9 ways to create a meaningful, simple Christmas

The other morning one of my little grandsons presented me with his Christmas list along with a toy catalog that he had used to circle everything he wanted for Christmas.

He was super cute.

Of course, I immediately went into grandma mode and wanted to buy him EVERYTHING!

It took a few seconds—okay, maybe more than a few—but I did talk myself off the mountain.

I have something I’ve made for him for Christmas, and I’m choosing NOT to spend money on more gifts.

Christmas shouldn’t be about the gifts. (Especially if, like me, you have 11 grandchildren!)

Christmas is about relationships…

…with each other and with God.

It’s about things money CAN’T buy, like love, compassion, traditions, making memories together and, most of all, the celebration of God becoming a man.

It’s about laughter, deep conversations, shared experiences, and the atmosphere of peace and joy set against a world full of discouraging news.

Therefore, many families are cutting waaaay back on Christmas spending.

Instead, they are investing time in creating an atmosphere and a shared experience of a simple Christmas with their family and friends.

Emphasis is placed on enjoying special meals, decorating or caroling parties, cooking or crafting, and cozy evenings reading or watching Christmas movies.

Some volunteer at soup kitchens, decorate an elderly neighbor’s home or spend time at an eldercare facility with the patients who don’t have family to visit them.

Do they still give gifts? Many don’t. Some do. Usually, a gift is something homemade or used, like a favorite piece of family china or a book. Or they give to a favorite charity.

The emphasis is on celebrating Jesus, simplicity, time together, honoring one another, joy, peace, and slowing down from the crazy commercialism that usually goes with the holiday season.

Invest in a simple Christmas experience

Most memories your kids and grandkids have of Christmas aren’t of gifts,,,

…but of feeling safe and loved along with the wonder, laughter, food, and special moments that make up the atmosphere of Christmas.

So how do you stop the spending and create an experience of Christmas apart from commercialism?

Each of the following ideas can be embraced by your family or, if you live alone, by yourself… with a little adjusting.

Choose a few and do them well. (Beats trying to do a lot and NOT doing any of it well.)

  • Weave the Christmas story into the holidays.

Create a Jessie Tree with your grandchildren.

Is there a reenactment of the Christmas story at your church or another public event? GO!

  • Icelanders have a tradition of giving a book to one another on Christmas Eve and then spending the night reading.

If you want to save money, give your favorite books off of your bookshelf or from a used bookstore.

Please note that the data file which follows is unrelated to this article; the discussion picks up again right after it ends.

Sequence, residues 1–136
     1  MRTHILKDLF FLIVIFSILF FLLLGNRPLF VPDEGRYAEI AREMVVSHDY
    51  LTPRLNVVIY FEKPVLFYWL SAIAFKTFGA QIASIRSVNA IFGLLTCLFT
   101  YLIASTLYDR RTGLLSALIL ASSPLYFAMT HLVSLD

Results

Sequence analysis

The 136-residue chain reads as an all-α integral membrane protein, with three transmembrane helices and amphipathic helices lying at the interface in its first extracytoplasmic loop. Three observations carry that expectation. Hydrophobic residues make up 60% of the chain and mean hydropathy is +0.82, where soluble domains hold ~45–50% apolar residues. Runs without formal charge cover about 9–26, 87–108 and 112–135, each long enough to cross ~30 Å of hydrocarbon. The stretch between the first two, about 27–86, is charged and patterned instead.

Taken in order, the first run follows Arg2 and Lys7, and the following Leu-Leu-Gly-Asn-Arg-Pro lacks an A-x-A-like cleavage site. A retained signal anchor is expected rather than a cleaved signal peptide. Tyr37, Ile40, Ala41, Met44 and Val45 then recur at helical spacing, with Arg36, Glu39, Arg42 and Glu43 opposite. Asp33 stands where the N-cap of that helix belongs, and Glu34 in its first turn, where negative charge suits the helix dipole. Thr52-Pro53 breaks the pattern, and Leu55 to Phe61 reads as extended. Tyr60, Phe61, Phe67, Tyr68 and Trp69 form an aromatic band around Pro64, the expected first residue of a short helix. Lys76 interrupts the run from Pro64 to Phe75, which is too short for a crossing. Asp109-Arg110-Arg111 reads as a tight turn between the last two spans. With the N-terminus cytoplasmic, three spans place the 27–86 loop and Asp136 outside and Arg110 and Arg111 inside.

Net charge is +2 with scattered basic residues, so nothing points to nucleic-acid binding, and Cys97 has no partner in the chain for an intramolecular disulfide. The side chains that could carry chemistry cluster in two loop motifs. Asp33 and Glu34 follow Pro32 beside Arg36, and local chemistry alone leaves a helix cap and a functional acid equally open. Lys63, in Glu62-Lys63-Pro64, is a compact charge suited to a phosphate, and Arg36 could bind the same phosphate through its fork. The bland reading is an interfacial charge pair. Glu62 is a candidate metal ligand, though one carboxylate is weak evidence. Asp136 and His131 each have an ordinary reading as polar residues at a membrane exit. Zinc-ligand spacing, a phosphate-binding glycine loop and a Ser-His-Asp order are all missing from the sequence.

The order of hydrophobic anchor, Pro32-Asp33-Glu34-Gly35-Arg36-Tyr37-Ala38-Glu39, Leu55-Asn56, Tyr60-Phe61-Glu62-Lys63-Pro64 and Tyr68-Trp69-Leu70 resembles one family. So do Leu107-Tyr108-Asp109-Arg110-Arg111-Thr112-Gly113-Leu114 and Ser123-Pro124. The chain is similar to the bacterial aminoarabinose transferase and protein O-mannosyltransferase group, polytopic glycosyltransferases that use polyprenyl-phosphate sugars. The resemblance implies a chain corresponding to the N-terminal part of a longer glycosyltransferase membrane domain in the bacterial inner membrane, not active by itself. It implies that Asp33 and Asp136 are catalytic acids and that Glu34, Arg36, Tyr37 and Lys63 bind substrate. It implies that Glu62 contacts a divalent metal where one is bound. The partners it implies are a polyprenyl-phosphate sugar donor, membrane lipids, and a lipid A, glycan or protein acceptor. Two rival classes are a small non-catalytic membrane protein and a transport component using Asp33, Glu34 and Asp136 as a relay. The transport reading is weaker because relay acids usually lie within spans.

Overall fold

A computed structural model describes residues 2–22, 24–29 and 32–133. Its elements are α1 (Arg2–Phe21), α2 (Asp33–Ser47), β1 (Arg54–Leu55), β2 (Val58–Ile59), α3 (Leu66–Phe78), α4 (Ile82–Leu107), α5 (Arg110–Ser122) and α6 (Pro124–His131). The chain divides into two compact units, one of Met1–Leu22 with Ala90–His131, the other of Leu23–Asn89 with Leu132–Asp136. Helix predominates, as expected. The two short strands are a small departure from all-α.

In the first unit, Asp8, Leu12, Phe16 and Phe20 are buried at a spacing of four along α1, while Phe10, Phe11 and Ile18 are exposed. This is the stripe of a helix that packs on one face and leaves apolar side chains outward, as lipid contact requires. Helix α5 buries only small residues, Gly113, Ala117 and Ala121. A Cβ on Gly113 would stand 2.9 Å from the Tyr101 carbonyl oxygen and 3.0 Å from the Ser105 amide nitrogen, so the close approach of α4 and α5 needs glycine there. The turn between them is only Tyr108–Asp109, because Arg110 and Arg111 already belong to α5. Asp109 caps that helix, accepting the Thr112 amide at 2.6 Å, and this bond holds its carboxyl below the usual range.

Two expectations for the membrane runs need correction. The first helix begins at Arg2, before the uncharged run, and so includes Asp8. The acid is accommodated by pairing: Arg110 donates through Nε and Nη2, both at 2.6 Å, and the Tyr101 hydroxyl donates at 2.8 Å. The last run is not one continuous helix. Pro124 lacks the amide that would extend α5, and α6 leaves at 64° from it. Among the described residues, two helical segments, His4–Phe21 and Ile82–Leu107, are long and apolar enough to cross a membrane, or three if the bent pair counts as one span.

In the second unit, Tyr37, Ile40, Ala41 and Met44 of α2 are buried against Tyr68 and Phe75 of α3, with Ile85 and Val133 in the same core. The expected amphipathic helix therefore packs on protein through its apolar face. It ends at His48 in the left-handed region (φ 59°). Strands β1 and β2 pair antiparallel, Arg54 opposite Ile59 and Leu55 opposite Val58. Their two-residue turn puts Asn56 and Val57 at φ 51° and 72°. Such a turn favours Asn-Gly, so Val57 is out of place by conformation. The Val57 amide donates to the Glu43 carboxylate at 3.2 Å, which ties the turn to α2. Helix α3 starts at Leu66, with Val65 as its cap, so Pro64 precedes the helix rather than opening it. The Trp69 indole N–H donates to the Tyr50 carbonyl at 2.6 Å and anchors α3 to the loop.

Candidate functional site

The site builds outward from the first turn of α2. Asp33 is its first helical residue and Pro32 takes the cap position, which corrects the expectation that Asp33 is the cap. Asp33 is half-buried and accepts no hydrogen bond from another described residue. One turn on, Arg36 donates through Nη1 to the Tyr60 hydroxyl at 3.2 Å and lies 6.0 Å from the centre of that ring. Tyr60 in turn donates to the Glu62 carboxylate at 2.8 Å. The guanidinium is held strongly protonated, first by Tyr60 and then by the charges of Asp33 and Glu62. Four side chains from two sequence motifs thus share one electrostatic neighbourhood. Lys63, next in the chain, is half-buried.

Because you aren’t cheap doing this. You’re setting an example that gifts come from your heart, not your wallet.

  • Every culture has its favorite Christmas foods. How can you swirl the flavors of Christmas into your holidays?

Maybe a neighborhood potluck of favorite cultural dishes?

  • If you do want to spend money, pay for an experience that you can use together during the coming year: a yearly zoo pass, a camping trip, a ticket to a movie, or a year’s pass for a favorite sporting event.
  • What kind of music do you enjoy at Christmas? Old favorites or new releases?

Try appreciating the special sounds of Christmas by attending a live music event AND weave Christmas music throughout your day via your favorite music app.

Still with me?

  • Instead of store-bought gifts, give something you’ve created OR an activity you can enjoy together.

Maybe it’s time to give away some of your favorite treasures, so the kids don’t fight over them after you’re gone.

Here’s one of my favorite recipes for a calming holiday blend of essential oils to diffuse.

  • Some years ago, our family switched exchanging gifts to a fun “pirate exchange” on Christmas afternoon. (With a price limit to limit spending.)

Here’s a link to a bunch of fun gift exchange games.

  • Relax! If your “doing” gets in the way of your “being” with Jesus, it’s not worth it. Most importantly, your family needs you to be Jesus with skin on… to radiate His love, joy, peace, and acceptance.

Because at the end of the day…

…you want your kids and grandkids to remember you and Jesus. There is nothing on the market that can stand in for either of these… they have to be experienced.

Therefore, which suggestion are you going to incorporate into your holidays to push back on commercialism and embrace the experience of a simple Christmas?

(And if you still need to make space for Jesus and less space for the push and pull of a hectic holiday, here is my 2017 Christmas Manifesto. It’s still true today.)

Hugs,

Susan

2 Responses to 9 ways to create a meaningful, simple Christmas

  1. Thank you Susan . . . I am heading out today to do my Christmas shopping. I most certainly will keep your lessons close while I shop “sparingly.” Have a wonderful Christmas and I pray it will be the best Christmas ever for you and your family. Blessings, Gail Sicard

  2. Thank you, Gail. I’m really looking forward to these next two weeks of being with family and friends. Plus, our son who works in Spain is coming home for Christmas, so that makes it extra special! Merry Christmas to you too!

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